There have been small research studies suggesting a positive effect on MS related symptoms such as fatigue (one of the most prevalent and debilitating symptoms of multiple sclerosis), spasticity, pain bladder problems and depression.

While there have been no wide-scale clinical studies evaluating the safety and efficacy of acupuncture in MS patients, this traditional Chinese medicine is bases on a theory of body functioning that involves altering the flow of energy through 14 pathways (or meridians) in the body. And with the interruption of nerve signals associated with multiple sclerosis, improving one’s flow of energy seems only positive.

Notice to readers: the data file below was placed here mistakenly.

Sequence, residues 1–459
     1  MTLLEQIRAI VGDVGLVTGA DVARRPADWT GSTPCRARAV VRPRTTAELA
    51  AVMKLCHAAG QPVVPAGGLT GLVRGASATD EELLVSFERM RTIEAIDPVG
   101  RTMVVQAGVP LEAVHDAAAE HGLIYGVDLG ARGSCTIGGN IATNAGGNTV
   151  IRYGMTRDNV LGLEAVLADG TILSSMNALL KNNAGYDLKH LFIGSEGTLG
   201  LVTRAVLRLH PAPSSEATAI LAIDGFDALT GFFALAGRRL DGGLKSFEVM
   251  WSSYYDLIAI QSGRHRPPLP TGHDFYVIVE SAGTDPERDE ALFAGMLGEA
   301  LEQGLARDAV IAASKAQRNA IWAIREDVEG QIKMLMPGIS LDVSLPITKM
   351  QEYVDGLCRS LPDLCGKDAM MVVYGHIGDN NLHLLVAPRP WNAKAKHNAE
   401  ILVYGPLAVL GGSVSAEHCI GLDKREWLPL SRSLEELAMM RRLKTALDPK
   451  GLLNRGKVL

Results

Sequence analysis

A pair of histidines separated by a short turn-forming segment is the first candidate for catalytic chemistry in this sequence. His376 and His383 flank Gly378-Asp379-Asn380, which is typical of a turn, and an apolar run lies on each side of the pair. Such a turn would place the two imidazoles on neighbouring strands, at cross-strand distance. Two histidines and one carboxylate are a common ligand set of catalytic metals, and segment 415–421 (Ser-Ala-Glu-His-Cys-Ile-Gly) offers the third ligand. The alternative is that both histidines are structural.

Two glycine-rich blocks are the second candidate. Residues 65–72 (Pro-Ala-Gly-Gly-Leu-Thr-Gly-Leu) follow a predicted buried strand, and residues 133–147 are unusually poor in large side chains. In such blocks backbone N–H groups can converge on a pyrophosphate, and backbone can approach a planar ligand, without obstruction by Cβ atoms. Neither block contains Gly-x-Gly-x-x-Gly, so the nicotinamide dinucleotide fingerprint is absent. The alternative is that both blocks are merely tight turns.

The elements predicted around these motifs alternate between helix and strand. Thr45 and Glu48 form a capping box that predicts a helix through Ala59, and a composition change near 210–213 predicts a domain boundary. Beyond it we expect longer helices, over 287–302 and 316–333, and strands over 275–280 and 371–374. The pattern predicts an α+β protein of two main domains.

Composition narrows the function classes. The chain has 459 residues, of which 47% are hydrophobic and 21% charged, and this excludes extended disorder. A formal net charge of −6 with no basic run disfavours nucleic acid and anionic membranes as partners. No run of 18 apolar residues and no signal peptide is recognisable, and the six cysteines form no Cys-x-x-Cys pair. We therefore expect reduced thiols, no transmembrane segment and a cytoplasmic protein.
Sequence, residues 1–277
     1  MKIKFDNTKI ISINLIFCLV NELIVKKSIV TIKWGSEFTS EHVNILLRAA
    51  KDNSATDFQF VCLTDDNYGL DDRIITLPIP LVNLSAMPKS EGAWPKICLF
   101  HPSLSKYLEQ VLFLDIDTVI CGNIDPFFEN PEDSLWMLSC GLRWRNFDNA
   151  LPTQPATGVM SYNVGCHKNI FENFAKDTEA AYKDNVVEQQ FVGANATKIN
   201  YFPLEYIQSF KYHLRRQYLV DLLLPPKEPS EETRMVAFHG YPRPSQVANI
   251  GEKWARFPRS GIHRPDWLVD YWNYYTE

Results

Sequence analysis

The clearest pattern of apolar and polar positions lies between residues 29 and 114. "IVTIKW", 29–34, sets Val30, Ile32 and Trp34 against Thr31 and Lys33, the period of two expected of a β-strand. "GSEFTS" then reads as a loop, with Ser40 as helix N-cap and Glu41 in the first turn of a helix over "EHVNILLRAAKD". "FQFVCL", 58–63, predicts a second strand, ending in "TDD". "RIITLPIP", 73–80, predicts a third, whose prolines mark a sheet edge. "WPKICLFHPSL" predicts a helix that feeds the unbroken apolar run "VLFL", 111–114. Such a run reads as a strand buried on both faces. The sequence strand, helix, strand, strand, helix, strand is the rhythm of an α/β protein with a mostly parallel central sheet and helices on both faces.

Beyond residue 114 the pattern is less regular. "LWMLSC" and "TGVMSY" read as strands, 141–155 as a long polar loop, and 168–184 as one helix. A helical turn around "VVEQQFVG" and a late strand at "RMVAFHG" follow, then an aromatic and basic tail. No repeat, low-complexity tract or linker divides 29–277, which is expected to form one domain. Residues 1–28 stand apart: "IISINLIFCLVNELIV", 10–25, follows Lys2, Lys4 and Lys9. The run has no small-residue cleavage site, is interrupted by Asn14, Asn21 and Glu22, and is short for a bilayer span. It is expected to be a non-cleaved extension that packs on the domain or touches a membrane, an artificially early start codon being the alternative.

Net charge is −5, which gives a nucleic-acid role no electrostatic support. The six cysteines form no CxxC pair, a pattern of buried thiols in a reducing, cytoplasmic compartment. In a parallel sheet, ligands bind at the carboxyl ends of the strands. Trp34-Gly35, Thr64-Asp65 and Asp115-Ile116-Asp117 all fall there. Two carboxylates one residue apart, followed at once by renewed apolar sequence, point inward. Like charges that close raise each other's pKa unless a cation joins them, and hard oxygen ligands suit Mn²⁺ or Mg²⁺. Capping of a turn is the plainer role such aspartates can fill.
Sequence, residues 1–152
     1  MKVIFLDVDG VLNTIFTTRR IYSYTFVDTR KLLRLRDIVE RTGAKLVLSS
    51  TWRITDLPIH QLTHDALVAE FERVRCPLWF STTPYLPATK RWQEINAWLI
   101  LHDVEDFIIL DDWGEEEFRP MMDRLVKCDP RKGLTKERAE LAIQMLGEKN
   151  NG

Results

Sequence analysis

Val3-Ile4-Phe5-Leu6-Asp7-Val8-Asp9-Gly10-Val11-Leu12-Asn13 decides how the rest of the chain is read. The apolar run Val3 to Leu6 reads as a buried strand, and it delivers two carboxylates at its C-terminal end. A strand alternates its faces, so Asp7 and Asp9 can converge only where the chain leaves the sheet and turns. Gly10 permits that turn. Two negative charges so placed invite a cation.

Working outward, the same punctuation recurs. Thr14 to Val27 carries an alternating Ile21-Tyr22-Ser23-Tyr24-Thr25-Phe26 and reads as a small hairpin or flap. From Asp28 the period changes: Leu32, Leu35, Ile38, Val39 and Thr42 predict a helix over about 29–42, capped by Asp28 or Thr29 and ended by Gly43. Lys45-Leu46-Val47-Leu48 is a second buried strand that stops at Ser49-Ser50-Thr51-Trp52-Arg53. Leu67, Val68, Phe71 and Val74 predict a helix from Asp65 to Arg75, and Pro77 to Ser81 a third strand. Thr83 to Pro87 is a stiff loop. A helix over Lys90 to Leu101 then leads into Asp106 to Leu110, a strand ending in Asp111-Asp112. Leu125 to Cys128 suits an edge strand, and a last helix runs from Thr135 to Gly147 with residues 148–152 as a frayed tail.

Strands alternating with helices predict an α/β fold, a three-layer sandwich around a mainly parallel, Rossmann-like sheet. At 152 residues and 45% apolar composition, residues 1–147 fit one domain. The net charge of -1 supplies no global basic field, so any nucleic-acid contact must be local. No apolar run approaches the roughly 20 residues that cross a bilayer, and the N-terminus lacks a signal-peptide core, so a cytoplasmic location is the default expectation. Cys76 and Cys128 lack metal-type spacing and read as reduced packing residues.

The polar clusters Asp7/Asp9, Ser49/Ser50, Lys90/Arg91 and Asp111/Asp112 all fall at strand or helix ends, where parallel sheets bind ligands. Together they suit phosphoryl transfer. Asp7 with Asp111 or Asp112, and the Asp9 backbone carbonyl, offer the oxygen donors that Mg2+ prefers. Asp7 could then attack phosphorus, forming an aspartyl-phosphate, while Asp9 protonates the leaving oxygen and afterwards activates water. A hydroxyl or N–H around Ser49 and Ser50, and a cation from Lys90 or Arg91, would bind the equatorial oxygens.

Acupuncture involves stimulating specific locations on the skin, usually by inserting disposable, metallic, thin needles into points along the meridians in order to alter the flow of energy. There is currently no evidence that acupuncture reduces the frequency of MS exacerbation or slows the progression of disability. Poor study design has made it difficult to draw any robust or definitive conclusions regarding the efficacy of this treatment, however combined with other alternative therapies it could yield very positive results.